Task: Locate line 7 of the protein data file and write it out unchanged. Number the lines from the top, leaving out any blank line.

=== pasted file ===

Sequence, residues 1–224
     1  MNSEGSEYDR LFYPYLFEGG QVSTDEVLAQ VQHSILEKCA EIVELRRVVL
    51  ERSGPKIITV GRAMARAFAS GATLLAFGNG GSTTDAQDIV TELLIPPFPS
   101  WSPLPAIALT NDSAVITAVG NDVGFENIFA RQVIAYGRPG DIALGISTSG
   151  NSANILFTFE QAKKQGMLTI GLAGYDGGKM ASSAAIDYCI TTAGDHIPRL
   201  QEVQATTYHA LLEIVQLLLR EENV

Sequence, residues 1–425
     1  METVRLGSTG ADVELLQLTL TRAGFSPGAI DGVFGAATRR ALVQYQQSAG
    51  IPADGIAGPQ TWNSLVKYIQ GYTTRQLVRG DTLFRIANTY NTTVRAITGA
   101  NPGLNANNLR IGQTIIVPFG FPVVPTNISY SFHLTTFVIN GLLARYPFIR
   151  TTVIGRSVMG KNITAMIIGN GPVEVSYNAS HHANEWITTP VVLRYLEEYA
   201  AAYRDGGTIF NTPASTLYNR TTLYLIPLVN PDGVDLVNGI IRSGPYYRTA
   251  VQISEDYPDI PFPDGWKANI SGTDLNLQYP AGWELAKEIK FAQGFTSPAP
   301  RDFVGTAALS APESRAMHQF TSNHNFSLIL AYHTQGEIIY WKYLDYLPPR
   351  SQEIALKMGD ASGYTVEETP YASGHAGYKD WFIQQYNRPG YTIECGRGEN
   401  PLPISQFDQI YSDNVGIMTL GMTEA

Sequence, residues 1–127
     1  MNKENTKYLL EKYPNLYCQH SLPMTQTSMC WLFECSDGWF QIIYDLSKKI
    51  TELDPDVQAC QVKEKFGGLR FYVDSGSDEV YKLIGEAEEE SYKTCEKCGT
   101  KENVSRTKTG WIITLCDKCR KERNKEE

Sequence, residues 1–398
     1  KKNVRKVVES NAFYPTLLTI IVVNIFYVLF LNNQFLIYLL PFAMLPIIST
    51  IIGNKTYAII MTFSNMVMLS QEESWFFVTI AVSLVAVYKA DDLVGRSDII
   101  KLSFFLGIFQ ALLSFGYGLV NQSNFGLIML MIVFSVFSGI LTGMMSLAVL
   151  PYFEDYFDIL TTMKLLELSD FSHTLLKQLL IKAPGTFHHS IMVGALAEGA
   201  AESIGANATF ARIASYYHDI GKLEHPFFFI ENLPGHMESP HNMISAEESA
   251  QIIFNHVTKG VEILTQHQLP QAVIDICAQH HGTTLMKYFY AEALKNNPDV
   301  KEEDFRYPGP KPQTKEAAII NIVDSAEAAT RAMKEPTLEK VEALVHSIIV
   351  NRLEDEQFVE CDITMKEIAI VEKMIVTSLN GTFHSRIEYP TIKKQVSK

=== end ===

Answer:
Sequence, residues 1–425